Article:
All Debt Repayments Are On Track, Country's FE Reserves Set To Rise:SBP

KARACHI: The State Bank of Pakistan’s (SBP) Monetary Policy Committee (MPC) on Friday decided to maintain the policy rate at seven percent.
“The MPC of SBP maintained policy rate at 7pc,” the central bank said in a statement, adding that the current stance of the monetary policy was appropriate to support economic recovery, maintain financial stability and keep inflation expectations “well-anchored”.
“MPC viewed recent inflation uptick as primarily driven by supply side factors and saw little signs of demand-led inflation. As the temporary increase in inflation from administered prices subsides, inflation should fall to the 5-7pc target range over the medium-term,” the SBP said.
The MPC expects monetary policy settings to remain “broadly unchanged” in the near term, the statement added, emphasising that any adjustment in the policy rate would be measured and gradual to achieve “mildly positive real interest rates” as recovery became more durable and the economy returned to full capacity.
The MPC noted that the monetary policy should be supportive considering the “fiscal policy is expected to remain contractionary to reduce public debt” and from a policy mix perspective.
This support period would continue as long as “second-round effects of recent increases in administered prices and other one-off supply shocks do not materialise and inflation expectations remain well-anchored”, the statement said.
Uncertainty on the inflation and growth outlook was also a factor in the MPC’s decision on the policy rate. In particular, the threat posed by the “emergence of a third, more virulent wave of Covid in Pakistan” was noted as a point of concern for growth, despite vaccine rollout and recent momentum in the economy.
“In terms of the inflation outlook, this summer’s wage negotiations and any new tax measures in the next year’s budget could add further supply-side shocks.
“In addition, optimism about a stronger US-led world recovery this year is translating into higher international commodity prices, including both food and oil, which could continue to feed into domestic inflation.”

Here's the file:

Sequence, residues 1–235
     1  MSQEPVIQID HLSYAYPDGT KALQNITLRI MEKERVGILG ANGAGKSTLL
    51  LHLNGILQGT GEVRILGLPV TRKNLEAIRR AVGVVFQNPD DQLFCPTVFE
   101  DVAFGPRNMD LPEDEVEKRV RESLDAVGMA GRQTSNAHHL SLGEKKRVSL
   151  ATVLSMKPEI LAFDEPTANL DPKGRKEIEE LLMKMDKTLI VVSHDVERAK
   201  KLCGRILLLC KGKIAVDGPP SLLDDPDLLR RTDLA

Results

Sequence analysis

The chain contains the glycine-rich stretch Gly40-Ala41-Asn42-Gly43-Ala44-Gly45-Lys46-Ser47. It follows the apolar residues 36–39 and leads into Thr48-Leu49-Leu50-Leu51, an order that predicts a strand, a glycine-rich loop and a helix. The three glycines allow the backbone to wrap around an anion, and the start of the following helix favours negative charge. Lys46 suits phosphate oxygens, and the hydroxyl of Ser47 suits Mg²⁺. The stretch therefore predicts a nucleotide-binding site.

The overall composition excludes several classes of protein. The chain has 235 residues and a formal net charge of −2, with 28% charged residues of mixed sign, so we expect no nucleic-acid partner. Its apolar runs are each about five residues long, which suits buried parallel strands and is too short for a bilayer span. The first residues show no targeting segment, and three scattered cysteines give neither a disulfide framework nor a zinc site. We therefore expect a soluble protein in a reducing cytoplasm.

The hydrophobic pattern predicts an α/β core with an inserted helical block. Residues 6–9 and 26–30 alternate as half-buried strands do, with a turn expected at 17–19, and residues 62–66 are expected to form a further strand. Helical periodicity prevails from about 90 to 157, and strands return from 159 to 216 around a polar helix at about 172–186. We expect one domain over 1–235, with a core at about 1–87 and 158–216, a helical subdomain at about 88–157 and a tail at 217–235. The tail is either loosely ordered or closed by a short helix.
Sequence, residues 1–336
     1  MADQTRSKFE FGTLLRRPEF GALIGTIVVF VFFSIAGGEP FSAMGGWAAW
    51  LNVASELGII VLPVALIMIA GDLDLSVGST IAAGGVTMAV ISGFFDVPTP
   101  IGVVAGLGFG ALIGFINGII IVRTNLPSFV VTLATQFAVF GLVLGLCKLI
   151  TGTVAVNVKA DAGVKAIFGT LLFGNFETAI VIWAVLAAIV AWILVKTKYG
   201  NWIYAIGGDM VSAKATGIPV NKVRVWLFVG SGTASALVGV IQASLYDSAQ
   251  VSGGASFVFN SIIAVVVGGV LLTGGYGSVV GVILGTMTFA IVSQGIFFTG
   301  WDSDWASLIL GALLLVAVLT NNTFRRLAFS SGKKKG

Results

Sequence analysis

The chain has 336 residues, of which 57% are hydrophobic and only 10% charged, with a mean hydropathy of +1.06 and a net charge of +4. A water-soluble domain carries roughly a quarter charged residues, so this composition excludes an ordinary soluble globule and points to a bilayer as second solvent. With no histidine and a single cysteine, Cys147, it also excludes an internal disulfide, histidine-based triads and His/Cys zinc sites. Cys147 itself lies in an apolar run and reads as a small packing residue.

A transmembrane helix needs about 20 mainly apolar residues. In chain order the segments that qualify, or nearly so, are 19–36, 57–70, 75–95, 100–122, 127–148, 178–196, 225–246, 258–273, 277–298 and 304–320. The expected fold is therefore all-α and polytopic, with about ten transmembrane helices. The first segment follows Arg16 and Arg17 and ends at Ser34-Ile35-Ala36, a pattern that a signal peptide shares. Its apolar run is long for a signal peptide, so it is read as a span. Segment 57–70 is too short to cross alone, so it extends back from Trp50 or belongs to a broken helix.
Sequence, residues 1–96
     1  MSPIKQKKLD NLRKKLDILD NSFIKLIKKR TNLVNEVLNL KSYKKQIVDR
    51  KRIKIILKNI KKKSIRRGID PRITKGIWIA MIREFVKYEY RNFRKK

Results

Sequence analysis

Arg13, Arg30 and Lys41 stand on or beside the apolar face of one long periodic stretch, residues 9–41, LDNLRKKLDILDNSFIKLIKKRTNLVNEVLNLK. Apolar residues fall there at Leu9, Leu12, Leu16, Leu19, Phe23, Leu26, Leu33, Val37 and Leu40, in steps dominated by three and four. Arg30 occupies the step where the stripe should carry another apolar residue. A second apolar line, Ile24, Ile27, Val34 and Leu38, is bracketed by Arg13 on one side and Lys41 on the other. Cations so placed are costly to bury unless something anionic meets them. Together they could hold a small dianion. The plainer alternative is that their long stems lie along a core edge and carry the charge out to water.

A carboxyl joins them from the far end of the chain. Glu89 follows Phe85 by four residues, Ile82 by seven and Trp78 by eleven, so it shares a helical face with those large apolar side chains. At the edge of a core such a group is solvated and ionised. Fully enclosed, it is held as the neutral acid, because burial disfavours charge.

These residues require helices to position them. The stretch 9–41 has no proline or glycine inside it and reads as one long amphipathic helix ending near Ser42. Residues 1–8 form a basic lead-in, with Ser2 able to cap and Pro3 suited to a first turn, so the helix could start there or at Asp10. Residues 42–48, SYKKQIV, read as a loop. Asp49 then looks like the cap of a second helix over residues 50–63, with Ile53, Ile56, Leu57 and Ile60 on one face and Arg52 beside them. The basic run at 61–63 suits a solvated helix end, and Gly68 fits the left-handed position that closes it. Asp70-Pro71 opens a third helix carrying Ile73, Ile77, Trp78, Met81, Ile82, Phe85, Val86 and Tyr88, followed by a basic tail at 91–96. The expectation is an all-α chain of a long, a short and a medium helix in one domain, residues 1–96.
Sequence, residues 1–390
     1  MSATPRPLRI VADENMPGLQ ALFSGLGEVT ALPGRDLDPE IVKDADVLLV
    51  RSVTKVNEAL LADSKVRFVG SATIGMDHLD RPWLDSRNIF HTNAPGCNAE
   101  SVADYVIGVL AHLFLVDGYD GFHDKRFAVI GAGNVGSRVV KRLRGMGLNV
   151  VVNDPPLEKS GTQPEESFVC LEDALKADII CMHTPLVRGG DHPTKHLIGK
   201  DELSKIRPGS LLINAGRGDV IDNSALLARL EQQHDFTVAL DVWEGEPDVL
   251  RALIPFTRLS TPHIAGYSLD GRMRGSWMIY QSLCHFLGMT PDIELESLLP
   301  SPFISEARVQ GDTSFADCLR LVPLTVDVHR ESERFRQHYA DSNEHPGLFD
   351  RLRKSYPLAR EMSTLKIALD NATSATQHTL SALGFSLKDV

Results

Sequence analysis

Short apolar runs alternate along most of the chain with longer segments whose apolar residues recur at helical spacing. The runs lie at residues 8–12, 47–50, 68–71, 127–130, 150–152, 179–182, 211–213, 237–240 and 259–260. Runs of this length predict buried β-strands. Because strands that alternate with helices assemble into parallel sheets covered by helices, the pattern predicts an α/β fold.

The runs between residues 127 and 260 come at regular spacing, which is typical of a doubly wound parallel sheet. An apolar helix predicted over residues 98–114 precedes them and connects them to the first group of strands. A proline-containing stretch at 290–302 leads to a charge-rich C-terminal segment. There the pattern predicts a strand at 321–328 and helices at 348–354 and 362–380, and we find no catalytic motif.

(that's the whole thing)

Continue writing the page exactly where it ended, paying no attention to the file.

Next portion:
The committee also considered key trends and prospects in the real, external and fiscal sectors, and the resulting outlook they would have for monetary conditions and inflation. “These trends in the outlook for inflation and growth will need to be carefully monitored,” the statement said.
The MPC noted overall positive trends since its last meeting in January with continued recovery of growth and employment, and improvement in business sentiment. “While still modest, at around 3pc, growth in FY21 is now projected to be higher than previously anticipated,” the statement said, crediting the higher projection to improved manufacturing prospects and the fiscal and monetary stimulus provided during the Covid-19 pandemic.
The SBP noted, however, that recent inflation turnout had been volatile, “with the lowest reading on headline inflation in more than two years in January 2021 followed by a sharp rise in February”.
According to SBP estimates, the recent increase in electricity tariffs and sugar and wheat prices was responsible for about 1.5 percentage points of the 3-percentage point increase in inflation between the January and February out-turns. “The recent increase in electricity prices will continue to manifest in headline numbers in coming months, keeping average inflation in FY21 close to the upper end of the previously announced range of 7-9pc.” – TLTP